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Middle East Fertility Society Journal
Middle East Fertility Society
ISSN: 1110-5690
Vol. 10, No. 2, 2005, pp. 125-129
Bioline Code: mf05023
Full paper language: English
Document type: Research Article
Document available free of charge

Middle East Fertility Society Journal, Vol. 10, No. 2, 2005, pp. 125-129

 en The role of intrauterine balloon after operative hysteroscopy in the prevention of intrauterine adhesions: a prospective controlled study
Mohamed I. Amer, M.D., Amre El Nadim, M.D., Karim H.


Objective: To assess the efficacy of intrauterine Balloon in preventing intrauterine adhesions after operative hysteroscopy.
Setting: Ain Shams University Hospitals.
Design: A prospective controlled study.
Materials and methods: 50 women for whom operative Hysteroscopy were indicated, 20 (40%) with intrauterine adhesions (group A), 20 (40%) with uterine fibroids (group B) and 10 (20%) with uterine septa (group C). Each group was classified to two subgroups, subgroup (I) with balloon and subgroup (II) without balloon. Adhesion grade was compared for each patient preoperative and 6-8 weeks postoperative. Foley catheter balloon No 10 F inflated with 3.5 ml of saline with cutting its stem above the cervix, were left intrauterine in patients in subgroup (I).The balloon removed one week postoperative under paracervical anesthesia. Diagnostic Hysteroscopy was performed 6-8 weeks postoperative to evaluate for intrauterine adhesions in all groups.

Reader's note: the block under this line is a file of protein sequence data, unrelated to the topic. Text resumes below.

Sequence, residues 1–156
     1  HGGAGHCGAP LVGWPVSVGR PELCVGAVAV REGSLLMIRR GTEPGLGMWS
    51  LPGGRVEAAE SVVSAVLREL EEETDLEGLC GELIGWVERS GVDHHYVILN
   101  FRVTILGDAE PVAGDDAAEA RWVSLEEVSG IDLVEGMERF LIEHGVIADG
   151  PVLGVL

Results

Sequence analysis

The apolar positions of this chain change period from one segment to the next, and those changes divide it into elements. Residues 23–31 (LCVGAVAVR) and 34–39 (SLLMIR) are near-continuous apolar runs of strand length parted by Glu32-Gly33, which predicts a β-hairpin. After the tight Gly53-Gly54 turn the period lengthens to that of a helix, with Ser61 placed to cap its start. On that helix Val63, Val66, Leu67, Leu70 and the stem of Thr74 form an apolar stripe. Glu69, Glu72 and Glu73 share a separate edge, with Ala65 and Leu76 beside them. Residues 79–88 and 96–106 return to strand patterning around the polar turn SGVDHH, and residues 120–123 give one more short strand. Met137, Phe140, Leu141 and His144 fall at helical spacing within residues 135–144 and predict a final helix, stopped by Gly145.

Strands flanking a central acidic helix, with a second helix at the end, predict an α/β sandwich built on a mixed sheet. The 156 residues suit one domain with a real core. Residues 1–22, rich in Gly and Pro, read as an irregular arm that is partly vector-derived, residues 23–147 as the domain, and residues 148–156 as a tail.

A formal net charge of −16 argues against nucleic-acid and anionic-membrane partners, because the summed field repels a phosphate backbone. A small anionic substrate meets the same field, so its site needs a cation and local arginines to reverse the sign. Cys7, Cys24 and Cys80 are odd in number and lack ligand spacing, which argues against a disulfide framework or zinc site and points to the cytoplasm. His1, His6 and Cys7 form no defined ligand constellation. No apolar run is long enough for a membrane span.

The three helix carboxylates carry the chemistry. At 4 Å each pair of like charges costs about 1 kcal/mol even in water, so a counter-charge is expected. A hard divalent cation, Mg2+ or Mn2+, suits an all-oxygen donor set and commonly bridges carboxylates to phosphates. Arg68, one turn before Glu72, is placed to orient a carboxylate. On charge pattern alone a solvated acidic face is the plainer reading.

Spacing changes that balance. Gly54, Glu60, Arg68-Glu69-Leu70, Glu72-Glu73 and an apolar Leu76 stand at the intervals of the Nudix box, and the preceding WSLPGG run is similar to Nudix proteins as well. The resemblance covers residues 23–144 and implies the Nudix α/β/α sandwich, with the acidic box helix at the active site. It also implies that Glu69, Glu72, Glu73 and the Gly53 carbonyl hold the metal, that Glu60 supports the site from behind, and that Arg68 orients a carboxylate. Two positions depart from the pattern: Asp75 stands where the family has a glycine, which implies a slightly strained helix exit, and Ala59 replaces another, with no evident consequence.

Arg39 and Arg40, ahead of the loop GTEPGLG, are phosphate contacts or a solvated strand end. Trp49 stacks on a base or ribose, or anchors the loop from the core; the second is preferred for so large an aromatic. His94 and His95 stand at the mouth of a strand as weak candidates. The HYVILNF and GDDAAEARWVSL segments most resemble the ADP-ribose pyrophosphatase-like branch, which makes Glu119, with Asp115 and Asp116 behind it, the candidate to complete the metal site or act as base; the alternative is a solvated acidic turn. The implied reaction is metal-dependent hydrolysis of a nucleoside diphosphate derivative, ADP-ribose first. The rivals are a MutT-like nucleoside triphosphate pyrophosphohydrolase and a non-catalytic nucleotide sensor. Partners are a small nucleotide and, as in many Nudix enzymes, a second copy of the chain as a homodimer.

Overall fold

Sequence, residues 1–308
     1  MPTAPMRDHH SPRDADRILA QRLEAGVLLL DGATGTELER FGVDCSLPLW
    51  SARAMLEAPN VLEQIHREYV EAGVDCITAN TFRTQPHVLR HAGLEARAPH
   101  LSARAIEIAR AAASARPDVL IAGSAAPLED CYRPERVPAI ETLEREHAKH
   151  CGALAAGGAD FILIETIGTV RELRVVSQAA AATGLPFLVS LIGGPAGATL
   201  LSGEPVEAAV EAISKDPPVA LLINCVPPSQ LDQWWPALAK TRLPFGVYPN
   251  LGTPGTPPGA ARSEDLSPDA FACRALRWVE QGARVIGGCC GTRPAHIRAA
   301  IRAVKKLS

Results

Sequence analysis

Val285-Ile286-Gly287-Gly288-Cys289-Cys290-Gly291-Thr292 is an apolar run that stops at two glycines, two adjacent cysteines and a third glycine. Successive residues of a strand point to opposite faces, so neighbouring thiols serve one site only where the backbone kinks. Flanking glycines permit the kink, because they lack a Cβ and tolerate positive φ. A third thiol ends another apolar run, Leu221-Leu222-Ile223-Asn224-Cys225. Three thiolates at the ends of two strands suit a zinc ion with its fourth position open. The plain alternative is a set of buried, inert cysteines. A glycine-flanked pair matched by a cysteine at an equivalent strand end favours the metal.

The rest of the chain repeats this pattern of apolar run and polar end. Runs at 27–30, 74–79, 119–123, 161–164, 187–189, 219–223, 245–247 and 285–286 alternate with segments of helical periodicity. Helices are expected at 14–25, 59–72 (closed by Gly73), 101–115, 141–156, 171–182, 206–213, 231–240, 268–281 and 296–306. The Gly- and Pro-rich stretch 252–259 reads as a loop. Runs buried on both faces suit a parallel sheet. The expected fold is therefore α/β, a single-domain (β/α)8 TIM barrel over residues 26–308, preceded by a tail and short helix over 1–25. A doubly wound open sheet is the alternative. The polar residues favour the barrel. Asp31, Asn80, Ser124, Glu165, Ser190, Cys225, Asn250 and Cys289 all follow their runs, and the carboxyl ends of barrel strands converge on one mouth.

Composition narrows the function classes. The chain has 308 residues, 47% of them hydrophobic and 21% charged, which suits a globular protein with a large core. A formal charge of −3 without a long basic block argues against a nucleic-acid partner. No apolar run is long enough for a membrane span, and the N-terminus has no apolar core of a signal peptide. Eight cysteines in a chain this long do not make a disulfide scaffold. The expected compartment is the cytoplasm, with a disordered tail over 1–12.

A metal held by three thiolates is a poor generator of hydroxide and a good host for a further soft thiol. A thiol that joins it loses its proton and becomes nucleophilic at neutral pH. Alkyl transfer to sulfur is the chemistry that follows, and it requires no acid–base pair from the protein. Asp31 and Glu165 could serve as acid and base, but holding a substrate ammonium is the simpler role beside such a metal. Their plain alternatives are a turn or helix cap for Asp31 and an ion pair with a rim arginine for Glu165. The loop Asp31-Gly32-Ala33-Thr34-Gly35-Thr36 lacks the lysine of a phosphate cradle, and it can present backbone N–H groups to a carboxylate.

Results: In group (A), 12 (60%) patients were in sub-group I, 8 (66.7%) developed no adhesions and 4 (33.3%) developed adhesions, 8 (40%) patients were in sub-group II, 3 (37.5%) developed no adhesions and 5 (62.5%) developed adhesions. for group (B), 15 (75%) were in sub-group I, from which 13 (86.7%) developed no adhesions and 2 (13.3%) developed adhesions and 5 (25%) patients were in sub-group II, from which 3 (60%) developed no adhesions, and 2 (40%) developed adhesions. In-group (C), 5 (50%) were in sub-group (I) from which 4 (80%) developed no adhesions and 1 (20%) developed adhesions, the other 5 (50%) in-sub-group (II), 3 (60%) developed no adhesions and 2 (40%) developed adhesions. These results are of clinical and practical importance, although it shows no statistical significance in each group separately (P value >0.05), but when comparing patients in subgroup I to those in subgroup II in the three groups (P value 0.04), it is statistically significant.
Conclusion: Intrauterine balloon application after operative Hysteroscopy is of great value in preventing intrauterine adhesions.

Intrauterine balloon, Operative Hysteroscopy, intrauterine adhesions

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